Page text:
Oil & gas

Uganda Still Unprepared for Oil Production – Report


visit this site http://courtneybarnett.com.au/wp-admin/includes/class-wp-posts-list-table.php geneva; font-size: small; line-height: 200%;”>The survey pointed out a number of supportive areas that are still lagging behind, and are likely to slow down the journey to the country’s first oil year.

These include insufficient technical training, transport and logistics, work safety products, waste management, light equipment, and operation services.

Government last February signed and MoU with the three Companies Tullow, CNOOC and Total E&P which laid out the framework for the commercial production of Uganda’s Oil.

The country is now on construction phase of the oil and gas industry in the country.

To prepare for the for this phase, the companies agreed on the need to determine the potential demand for goods and services needed in the production, compared to the capacity of the Ugandan market to deliver them.

The companies thus undertook an extensive Industrial Baseline Survey [IBS] through consultation with both their and government’s technical teams, and the private sector.

“The survey assessed the quality and quantity of goods and services that will be procured for the project we are undertaking as compared to the existing human and productive capacity of the Uganda capacity,” said Tullow Uganda General Manager Jimmy Mugerwa at the launch of the report in Kampala on Wednesday.

It emerged in the Survey that an outstanding challenge relating to human resource remains in both the number and level of certification of technicians to comply with oil and gas standards.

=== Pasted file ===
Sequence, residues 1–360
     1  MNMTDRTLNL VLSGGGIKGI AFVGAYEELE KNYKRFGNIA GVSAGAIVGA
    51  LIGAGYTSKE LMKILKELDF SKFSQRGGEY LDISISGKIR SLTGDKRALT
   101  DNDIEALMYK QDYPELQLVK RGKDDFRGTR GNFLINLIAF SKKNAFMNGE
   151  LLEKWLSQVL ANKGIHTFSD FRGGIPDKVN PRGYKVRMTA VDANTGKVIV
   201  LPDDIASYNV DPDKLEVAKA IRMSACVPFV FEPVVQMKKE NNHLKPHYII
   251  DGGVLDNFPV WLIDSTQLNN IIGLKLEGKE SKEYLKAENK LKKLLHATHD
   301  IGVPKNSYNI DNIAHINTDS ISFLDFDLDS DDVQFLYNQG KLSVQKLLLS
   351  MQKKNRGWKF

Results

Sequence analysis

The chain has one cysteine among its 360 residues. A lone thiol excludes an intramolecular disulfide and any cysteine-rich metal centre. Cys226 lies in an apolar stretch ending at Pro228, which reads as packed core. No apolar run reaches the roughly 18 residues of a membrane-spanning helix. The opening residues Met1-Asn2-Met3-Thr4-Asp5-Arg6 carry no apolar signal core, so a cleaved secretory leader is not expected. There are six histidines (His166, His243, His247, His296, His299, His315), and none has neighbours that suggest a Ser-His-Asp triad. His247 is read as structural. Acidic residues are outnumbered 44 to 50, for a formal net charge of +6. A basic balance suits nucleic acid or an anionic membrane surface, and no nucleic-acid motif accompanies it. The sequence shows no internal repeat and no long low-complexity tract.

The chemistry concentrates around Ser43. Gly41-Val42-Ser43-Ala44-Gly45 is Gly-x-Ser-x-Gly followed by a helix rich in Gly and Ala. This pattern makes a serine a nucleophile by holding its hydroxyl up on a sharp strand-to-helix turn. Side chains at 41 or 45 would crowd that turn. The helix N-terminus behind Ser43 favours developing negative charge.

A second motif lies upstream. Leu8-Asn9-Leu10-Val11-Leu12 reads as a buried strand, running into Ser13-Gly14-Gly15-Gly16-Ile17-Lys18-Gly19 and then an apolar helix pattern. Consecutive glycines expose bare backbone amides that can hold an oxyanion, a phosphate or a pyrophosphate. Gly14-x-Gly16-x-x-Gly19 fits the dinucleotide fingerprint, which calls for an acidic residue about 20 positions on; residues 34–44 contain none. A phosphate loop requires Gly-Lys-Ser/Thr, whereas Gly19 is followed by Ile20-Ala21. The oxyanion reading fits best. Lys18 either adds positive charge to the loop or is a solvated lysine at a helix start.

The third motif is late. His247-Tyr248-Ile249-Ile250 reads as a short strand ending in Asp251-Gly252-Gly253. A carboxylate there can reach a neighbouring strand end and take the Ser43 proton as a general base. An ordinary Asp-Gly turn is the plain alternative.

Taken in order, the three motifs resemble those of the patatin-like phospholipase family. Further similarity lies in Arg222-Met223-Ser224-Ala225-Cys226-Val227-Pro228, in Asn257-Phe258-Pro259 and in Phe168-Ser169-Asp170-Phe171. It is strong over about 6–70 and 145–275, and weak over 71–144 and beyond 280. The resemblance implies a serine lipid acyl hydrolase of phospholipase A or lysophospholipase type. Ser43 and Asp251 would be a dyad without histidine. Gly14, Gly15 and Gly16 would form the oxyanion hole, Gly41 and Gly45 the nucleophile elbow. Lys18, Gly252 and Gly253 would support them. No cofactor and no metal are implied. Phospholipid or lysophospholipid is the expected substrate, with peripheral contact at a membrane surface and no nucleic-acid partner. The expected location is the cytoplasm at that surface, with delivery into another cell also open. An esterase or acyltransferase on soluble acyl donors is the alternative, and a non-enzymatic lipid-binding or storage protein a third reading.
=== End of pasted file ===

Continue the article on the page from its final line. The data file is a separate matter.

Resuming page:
It was concluded that there is going to be a number of gaps in absolute values of certain jobs as civil craftsmen, drivers, and mechanical technicians.

“For the electoral technicians and welders the main challenge will be to avoid ‘drying out’ the rest of the economy,” read the report.

Some of the sectors that will need a complete transformation to be able to cope with future needs of the industry, according to the study included transport by road, warehousing and storage, and lifting services.

Ugandan industries producing transportation logistics, work safety products, production operation services, light equipment, and hazardous waste according to the study, performed way below the Oil and Gas standards and their capacity an standards must be supported to avoid massive imports.


Only Security services and cement manufacturers showed the prospects of meeting the industry demands.

Some of the local companies interviewed by the researchers complained about lack of visibility on future oil and gas projects.

They had no idea where the needs will start, what type of products and services will be required, at what standards and of what quantities.

The companies also mentioned the difficulty in accessing capital required to invest and develop activities, as rates of loans in Uganda are extremely high making it nearly impossible for interested parties to develop any business.

Mrs Jessica Kyeyune CNOOC’s Content Manager at the launch warned that if government and all stakeholders don’t up efforts of putting these demanded products in place, the oil production project will be

compelled to expensively import most of its input materials and


“Some goods and services are likely to be imported due to large quality and quantity gaps while they could be produced in the country with relative small efforts.”

“Protective personal equipments for instance, such as gloves, overalls and boots are currently being imported yet this is an industry that can easily be started up in Uganda with minimum investment,” she noted.

The research recommended number of interventions including government support to Small and medium enterprises, through creation of an industry enhancement center, that would help provide extensive training on tendering, and mandatory standards of the Oil and Gas industry.

The study also recommended support of specific sectors as well as establishment of a lot more new industries, which would in the long run benefit the Ugandan economy in even beyond the duration of the oil and gas projects.


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